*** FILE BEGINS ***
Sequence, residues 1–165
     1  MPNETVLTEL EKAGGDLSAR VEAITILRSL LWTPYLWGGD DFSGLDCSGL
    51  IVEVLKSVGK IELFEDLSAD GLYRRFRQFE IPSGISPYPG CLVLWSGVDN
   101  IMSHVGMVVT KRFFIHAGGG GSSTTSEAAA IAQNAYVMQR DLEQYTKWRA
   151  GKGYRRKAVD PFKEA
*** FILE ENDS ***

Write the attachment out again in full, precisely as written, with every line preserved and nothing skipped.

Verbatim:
Sequence, residues 1–165
     1  MPNETVLTEL EKAGGDLSAR VEAITILRSL LWTPYLWGGD DFSGLDCSGL
    51  IVEVLKSVGK IELFEDLSAD GLYRRFRQFE IPSGISPYPG CLVLWSGVDN
   101  IMSHVGMVVT KRFFIHAGGG GSSTTSEAAA IAQNAYVMQR DLEQYTKWRA
   151  GKGYRRKAVD PFKEA